ECMO Benefit Not Clear in Critically Ill COVID-19 Patients

By Anne Harding

April 22, 2020

NEW YORK (Reuters Health) - Extracorporeal membrane oxygenation (ECMO) may not reduce mortality in critically ill patients with COVID-19, new research suggests.

"Our study presented early findings that had several limitations," Dr. Brandon Michael Henry of Cincinnati Children's Hospital Medical Center, in Ohio, told Reuters Health by email. "The key take-home message is until we have more data, we must be cautious in choosing which patients are the ideal candidates for ECMO support,"

ECMO reduced in-hospital mortality and time in intensive care during 2012's Middle East Respiratory Syndrome Coronavirus (MERS-CoV) outbreak, Dr. Henry and Dr. Giuseppe Lippi of the University of Verona in Italy write in the Journal of Critical Care.

Prompted by an earlier report of high mortality in COVID-19 patients who received ECMO (five of six patients died), the authors analyzed four studies including a total of 562 COVID-19 patients, 41.6% of whom developed acute respiratory distress syndrome (ARDS).

Seventeen of the ARDS patients received ECMO, and their mortality rate was 94.1%, compared to 70.9% for the ARDS patients given conventional therapy. However, the difference in mortality risk was not significantly different (odds ratio, 2.00; 95% confidence interval. 0.49 to 8.16).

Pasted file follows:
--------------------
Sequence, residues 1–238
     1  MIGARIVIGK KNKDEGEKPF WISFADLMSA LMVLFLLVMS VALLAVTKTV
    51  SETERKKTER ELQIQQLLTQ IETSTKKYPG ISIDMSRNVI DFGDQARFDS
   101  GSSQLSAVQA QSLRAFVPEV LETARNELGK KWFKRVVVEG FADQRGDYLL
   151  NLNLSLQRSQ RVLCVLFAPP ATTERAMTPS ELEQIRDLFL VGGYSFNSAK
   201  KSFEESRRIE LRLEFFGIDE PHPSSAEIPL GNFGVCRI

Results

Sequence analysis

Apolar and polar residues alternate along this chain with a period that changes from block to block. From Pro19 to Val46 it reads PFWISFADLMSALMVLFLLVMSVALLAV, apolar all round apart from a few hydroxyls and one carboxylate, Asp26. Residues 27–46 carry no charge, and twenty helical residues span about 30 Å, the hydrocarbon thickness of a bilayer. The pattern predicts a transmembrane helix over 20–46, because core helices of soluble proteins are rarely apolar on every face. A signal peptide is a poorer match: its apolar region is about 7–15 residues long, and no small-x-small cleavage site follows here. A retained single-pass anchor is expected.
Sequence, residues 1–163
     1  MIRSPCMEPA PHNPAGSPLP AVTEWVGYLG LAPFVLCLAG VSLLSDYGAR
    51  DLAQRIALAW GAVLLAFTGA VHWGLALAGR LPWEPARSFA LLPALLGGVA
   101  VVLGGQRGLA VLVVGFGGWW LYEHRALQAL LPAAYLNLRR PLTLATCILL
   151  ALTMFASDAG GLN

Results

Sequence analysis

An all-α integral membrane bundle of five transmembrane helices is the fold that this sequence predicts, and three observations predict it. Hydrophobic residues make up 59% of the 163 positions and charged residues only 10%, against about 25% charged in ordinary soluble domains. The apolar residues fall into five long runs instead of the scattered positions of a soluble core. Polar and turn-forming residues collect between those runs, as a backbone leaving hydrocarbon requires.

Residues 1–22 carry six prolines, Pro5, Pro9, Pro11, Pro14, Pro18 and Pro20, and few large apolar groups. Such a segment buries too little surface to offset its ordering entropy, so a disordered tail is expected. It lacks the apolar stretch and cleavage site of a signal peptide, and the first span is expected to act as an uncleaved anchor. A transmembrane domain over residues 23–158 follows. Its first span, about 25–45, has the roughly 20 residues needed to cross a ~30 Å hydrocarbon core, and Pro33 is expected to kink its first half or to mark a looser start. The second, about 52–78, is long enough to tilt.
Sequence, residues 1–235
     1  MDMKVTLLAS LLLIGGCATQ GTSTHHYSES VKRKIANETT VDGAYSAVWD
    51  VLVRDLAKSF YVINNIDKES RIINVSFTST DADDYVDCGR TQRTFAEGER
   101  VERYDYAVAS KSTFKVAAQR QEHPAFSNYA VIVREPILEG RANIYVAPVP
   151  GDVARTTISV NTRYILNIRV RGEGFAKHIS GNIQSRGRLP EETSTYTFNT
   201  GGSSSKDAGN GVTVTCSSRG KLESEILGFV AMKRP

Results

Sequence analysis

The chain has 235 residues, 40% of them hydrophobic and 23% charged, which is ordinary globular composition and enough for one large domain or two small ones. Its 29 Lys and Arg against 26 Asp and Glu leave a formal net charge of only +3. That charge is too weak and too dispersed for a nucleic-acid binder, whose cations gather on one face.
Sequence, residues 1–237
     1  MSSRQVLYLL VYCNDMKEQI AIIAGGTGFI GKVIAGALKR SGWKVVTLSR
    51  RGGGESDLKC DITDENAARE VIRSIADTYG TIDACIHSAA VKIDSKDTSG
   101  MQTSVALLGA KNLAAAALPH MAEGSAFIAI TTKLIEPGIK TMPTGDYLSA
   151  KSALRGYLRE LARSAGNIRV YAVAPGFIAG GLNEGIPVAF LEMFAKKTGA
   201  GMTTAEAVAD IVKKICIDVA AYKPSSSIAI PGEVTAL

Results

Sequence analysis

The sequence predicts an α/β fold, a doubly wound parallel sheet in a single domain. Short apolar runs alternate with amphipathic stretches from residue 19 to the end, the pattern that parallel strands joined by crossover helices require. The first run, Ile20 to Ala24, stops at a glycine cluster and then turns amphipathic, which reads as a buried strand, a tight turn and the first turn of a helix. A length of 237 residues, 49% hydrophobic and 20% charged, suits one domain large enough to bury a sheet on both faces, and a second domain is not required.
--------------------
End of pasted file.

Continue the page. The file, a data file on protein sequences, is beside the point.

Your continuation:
Mortality was 65% in the largest study of MERS patients who received ECMO, the authors note.

"Further research is urgently needed. We encourage authors of future COVID-19 reports to provide more data specifically on the ECMO patients in order to aid in optimal patient selection in a limited resource setting," they conclude.

"COVID-19 is a unique pathogen whose pathophysiology we do not yet fully understand. It is possible that during some phases of the illness, the immunologic effects of ECMO could be potentially detrimental to patient outcome and must be balanced against the hemodynamic necessity to use ECMO, however, more data is needed," Dr. Henry said. "I suspect the key to successfully deploying ECMO in COVID-19 will be timing of initiation, careful patient selection, and institutional experience with ECMO therapy."

He added: "ECMO outcomes vary from center to center, with institutional experience likely impacting observed survival outcomes in early studies. As the pandemic progresses and physicians gain a better understanding of COVID-19, I expect to see increased ECMO survival rates and that ECMO will serve as a potentially life-saving rescue therapy in select patients with critical illness."

SOURCE: Journal of Critical Care, online April 1, 2020.